Interview: Steven P. Marini

Please welcome Steven P. Marini, author of the Jack Contino series.

What’s your idea of a perfect day?
No health issues, no family crisis, no money problems and I go three-for-three in my softball game. I’ll start with that.

aberration Do you have a signature accessory, color, fragrance, phrase, or meal?
I wear casual clothes all the time and that usually means nylon jogging pants with a stripe down the legs. My granddaughter thinks that all I ever wear. She’s almost right.

 Excluding family, name three people who either inspired you or influenced your creativity.
Although they have nothing to do with my writing, I’ve always enjoyed a sense of parody like Mel Brooks. Certainly, Robert B. Parker’s writing comes to mind and Mickey Spillane. I recall he once said that if he has a typewriter and paper, he’s in business anywhere in the world. I always liked that idea. Say, do you know what a typewriter is?

 Do you listen to music when you write?
No, I like to be able to concentrate. I turn off all sounds and close the door. I need a man cave.

If your latest book were chocolate, what kind would it be and why?
Dark. My stories are not cozies. I’m not terribly graphic, but some of my characters are really bad or deranged people. They’re capable of some nasty stuff. They are not at all admirable, in stark contrast to my detective, Jack Contino. He’s a cop from the old school. He’s strong and smart and tough and he doesn’t need a shrink.

What made you interested in writing this particular story?
I had grown up near Boston and put a couple of ideas together when I first thought about writing. I heard about a college student who got involved with the wrong people and wound up in the Charles River with a bullet hole in his head. Also, when I was in college, I heard a rumor about a coed who was supposed to be hooking on the side. It was nonsense, but it gave me fuel. So, I began writing about a female character who ends up dead in the Charles and who had a gangland connection. I had also read about a real Boston cop who I really liked and decided he’d be my detective, one who people looked up to and even earned respect, if not love, from the Mob. The female character evolved as I wrote and I came up with a different ending with she and the cop and a bad guy in a confrontation.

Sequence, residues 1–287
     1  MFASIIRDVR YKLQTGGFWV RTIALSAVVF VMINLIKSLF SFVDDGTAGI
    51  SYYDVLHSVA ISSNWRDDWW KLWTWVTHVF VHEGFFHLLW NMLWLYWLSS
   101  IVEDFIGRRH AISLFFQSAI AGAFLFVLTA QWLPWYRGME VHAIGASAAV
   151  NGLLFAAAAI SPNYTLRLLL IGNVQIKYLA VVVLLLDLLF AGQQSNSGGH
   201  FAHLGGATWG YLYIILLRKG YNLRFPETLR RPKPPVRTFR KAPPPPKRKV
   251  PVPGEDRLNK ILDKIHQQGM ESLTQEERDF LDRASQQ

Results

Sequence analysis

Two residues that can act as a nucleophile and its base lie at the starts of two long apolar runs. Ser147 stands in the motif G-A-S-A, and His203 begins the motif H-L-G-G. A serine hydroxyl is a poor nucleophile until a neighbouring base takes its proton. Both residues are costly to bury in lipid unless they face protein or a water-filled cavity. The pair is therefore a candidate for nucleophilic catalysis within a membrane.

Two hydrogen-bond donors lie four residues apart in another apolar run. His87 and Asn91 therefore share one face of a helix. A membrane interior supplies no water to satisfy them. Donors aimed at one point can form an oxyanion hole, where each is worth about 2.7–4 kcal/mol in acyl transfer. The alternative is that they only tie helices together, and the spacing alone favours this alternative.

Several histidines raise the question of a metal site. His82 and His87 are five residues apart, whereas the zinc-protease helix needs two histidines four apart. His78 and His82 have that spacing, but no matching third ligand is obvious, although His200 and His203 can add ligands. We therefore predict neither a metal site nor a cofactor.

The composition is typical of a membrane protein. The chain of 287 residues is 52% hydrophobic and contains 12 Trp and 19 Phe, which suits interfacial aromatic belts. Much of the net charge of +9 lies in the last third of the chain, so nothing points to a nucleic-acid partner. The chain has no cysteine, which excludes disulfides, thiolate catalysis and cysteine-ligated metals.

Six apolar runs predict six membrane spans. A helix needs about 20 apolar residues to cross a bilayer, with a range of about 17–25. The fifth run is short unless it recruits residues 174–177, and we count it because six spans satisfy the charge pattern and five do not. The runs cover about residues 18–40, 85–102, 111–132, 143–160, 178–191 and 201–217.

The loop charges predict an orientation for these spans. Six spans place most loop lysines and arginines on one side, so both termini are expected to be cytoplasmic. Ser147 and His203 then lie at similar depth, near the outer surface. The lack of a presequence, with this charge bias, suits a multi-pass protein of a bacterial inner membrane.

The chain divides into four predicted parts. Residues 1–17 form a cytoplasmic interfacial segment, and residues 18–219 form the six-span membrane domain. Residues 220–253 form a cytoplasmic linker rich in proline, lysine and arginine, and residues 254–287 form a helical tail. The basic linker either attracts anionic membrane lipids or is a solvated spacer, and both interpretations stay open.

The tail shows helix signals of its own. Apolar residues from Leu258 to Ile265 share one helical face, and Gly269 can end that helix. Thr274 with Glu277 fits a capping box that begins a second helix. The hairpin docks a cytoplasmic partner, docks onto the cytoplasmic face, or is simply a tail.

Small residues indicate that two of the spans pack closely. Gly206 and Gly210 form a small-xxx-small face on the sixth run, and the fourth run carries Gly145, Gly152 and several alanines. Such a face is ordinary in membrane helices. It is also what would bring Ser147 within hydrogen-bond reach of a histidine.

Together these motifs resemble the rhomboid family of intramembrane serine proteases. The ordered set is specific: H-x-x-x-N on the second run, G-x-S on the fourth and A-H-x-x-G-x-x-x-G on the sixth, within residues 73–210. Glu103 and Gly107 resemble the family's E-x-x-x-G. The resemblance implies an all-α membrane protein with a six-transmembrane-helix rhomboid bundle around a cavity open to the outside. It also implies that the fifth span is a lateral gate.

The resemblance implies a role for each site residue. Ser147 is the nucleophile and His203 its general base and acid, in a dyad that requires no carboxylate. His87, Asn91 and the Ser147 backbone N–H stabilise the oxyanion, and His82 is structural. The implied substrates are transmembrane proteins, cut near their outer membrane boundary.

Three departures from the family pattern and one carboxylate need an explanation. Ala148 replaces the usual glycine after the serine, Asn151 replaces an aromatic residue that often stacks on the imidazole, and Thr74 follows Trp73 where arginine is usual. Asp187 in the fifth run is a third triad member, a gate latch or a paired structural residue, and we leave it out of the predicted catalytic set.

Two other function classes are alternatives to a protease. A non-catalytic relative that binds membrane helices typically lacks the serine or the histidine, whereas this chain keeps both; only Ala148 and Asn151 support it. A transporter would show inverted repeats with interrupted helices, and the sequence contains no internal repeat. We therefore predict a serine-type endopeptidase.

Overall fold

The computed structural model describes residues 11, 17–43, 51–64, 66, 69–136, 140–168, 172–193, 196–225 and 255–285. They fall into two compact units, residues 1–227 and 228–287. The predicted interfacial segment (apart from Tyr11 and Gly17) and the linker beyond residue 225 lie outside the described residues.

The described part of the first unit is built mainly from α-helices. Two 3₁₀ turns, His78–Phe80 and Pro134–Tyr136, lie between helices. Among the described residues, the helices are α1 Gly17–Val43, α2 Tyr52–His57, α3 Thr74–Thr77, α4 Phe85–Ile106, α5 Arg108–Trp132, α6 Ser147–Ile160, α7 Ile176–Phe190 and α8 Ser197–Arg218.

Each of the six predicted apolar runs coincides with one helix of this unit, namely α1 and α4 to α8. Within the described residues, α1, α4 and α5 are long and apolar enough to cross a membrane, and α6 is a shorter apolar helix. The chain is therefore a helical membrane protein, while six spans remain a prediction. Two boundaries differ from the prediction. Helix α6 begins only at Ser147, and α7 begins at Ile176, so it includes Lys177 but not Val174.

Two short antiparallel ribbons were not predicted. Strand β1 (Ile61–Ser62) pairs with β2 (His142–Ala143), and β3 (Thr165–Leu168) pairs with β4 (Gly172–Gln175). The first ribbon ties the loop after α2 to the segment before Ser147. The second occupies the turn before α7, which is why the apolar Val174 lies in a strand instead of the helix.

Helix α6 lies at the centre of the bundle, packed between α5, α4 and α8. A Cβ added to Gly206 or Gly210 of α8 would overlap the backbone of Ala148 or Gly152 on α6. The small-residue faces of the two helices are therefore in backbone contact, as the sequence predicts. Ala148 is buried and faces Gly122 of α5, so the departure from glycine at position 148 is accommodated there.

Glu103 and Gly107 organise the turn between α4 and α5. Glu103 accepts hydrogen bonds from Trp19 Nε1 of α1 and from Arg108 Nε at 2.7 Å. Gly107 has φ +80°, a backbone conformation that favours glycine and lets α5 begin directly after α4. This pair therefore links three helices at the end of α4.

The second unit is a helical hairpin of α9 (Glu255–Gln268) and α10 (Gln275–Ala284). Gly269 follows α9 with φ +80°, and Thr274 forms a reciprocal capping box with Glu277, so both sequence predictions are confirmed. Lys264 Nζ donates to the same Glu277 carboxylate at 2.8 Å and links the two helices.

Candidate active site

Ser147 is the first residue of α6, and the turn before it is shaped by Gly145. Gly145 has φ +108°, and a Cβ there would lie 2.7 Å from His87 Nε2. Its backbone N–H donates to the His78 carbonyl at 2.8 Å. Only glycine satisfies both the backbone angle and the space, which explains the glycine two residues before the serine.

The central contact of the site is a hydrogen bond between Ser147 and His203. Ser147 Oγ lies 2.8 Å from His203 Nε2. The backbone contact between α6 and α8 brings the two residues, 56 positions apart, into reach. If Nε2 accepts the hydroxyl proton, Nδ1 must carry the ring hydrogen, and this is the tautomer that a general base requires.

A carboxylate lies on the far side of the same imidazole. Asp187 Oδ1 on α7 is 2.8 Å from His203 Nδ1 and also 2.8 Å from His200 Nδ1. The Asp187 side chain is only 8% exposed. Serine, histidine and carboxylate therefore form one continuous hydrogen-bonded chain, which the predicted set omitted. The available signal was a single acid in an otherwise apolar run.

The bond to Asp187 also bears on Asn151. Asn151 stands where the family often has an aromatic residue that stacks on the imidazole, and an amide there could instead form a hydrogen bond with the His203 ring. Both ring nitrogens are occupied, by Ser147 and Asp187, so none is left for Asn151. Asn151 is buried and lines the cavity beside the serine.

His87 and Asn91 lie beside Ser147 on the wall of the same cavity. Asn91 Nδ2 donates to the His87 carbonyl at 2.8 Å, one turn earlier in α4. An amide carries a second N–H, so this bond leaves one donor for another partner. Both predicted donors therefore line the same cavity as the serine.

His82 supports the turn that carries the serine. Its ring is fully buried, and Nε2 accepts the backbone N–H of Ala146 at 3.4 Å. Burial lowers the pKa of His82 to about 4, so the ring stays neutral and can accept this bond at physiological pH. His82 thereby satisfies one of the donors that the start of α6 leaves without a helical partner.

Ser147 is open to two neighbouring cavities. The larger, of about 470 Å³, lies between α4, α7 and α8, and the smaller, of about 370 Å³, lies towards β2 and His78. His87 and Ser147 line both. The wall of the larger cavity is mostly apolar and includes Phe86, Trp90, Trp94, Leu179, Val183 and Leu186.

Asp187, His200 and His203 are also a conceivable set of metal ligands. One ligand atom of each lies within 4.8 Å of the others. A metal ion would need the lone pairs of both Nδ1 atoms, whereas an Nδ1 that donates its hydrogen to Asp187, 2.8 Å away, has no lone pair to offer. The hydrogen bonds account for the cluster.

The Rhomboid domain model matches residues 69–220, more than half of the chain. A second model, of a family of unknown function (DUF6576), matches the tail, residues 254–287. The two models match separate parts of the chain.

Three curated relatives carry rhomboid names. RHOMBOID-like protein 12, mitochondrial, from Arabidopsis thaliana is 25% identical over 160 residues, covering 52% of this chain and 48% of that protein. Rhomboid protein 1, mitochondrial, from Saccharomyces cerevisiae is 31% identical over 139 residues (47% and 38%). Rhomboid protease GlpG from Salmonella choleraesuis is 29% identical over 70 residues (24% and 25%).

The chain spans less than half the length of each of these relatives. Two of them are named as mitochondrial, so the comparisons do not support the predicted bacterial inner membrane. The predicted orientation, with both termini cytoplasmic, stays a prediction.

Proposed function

What themes do you regularly (re)visit in your writing?
Life is a constant challenge, with ups and downs. A cop’s life is the constant battle of good versus evil. Also, I show that people need a support structure to get through. They need a close family and at least one real good friend. If you’ve got that, you’re rich.

Tell us about your main character’s psyche or personality. What led her (or him) to be the person s/he is today?
As I mentioned before, Jack Contino is a cop from the old school. He believes that life is a morality play, good versus evil, and good has to win out. He knows it’s not automatic, though. The fight is constant and that’s why he’s a cop. To some extent, his feelings came out of his military experience. He was in WWII and saw the futility of war. He’s a natural protector.

Describe your protagonist as a mash-up of three famous people or characters.
This may sound strange, but in a way, there’s a lot of Don Corleone of The Godfather in Jack. Don Corleone became the protector of the people in his community. He was driven to it by the evil tyrant who dominated their town. Only, Jack went into Law Enforcement to be a protector and Don Corleone went into crime.

Jack has an element of Odysseus in him, too. That element is his ever faithful and strong partner, Natalie. Like Penelope, she is strong and smart and loves Jack without question.

Finally, Jack is drawn from a real life Boston cop, Joe McCain. He was very large, smart and tough. I read about Joe in a book entitled The Legends of Winter Hill. I knew he was the model for Jack.

If you could host a mystery-author dinner party, who are the six writers (living or otherwise) you’d include?
Robert B. Parker, Mickey Spillane, George Higgins, James Patterson, Spencer Quinn, and J.E. Seymour.

What’s next for you?
My second novel in the Jack Contino series, Aberration, has just come out this summer and I’m on the first draft of the third in that series. I’m also outlining a fourth book that is not a Jack Contino story. I’ve even got an idea for a non-fiction work, but not sure if I’ll try it. So, it’s just an idea right now. Other than that, I’m just going to continue enjoying my retirement years and continue to write.


Steven P. Marini is a “card carrying New Englander,” who spent twenty-six years in Maryland as a Civil Servant. Now he’s retired and living in New England again. He plays in the Cape Cod Senior Softball League, is in a senior men’s cooking group, serves on the Board of Directors of the Cape Cod Writers Center and he likes to write crime

Web site:
Twitter @StevenPMarini
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